In a mail survey, the questionnaire is sent to the respondents along with an introductory letter about the survey and a business-reply envelope in which they can return their answers, free of charge.
This method is first and foremost used if the questionnaire is very long or complex (too long or complex for a telephone survey).
Its greatest advantage is that the respondents can answer the questions in their own time, whenever it suits them. Also rather complex instructions can be given and graphics can be used if needed.
The response rate in a mail survey can be on the low side although that entirely depends on the group in question. It is important to always follow the survey up with a reminder, whether it is by letter, telephone or by resending the questionnaire to those that had not responded. This can be very time consuming and costly if it proves difficult to persuade the respondents to respond. There are ways to improve the response rate, for example by including a lottery or other form of incentive for returned questionnaires.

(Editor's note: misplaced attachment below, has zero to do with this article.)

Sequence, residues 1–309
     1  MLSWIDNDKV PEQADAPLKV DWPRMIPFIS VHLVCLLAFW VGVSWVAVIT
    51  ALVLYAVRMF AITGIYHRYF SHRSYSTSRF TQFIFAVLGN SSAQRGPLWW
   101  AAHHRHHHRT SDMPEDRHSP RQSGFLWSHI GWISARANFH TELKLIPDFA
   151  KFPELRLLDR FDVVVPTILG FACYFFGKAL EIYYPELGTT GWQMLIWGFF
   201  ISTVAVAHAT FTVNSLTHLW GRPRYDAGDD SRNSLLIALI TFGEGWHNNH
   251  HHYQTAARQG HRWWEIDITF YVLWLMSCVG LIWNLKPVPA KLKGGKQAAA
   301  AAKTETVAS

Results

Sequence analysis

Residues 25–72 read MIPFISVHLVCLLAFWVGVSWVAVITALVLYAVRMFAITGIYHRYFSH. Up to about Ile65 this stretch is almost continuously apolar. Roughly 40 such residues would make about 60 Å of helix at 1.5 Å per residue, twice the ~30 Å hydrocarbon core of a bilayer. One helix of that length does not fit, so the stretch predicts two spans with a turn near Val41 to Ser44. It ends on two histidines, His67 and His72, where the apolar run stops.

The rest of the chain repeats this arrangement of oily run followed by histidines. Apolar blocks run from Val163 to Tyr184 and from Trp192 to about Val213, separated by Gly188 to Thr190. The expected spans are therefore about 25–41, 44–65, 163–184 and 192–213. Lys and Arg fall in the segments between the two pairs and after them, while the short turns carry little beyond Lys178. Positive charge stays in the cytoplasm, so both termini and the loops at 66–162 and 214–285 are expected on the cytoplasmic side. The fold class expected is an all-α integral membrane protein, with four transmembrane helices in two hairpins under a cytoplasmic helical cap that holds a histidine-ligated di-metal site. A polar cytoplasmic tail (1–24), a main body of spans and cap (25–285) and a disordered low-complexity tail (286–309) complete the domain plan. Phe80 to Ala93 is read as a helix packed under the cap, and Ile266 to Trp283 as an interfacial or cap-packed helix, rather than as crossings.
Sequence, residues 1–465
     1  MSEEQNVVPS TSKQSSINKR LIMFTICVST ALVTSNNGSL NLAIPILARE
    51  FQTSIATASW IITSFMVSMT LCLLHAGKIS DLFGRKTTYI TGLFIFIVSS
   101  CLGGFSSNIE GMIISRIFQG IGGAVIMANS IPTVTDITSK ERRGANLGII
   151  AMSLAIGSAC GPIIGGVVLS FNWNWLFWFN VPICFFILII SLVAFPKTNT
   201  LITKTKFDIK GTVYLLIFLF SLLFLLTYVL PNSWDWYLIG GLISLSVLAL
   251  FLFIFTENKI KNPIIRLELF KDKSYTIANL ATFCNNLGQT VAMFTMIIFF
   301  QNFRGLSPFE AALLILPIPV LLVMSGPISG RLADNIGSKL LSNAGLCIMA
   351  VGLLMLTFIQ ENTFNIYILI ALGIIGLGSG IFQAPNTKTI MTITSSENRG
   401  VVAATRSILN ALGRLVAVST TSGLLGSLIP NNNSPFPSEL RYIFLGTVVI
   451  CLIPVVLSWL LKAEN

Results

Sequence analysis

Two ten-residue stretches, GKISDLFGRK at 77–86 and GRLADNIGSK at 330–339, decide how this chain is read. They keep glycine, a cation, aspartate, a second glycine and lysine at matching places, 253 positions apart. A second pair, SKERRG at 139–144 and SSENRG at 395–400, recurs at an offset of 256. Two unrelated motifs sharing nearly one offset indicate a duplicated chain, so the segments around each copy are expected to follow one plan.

The Institute’s project managers can provide further information via telephone +354-525-4545 or via email firstname.lastname@example.org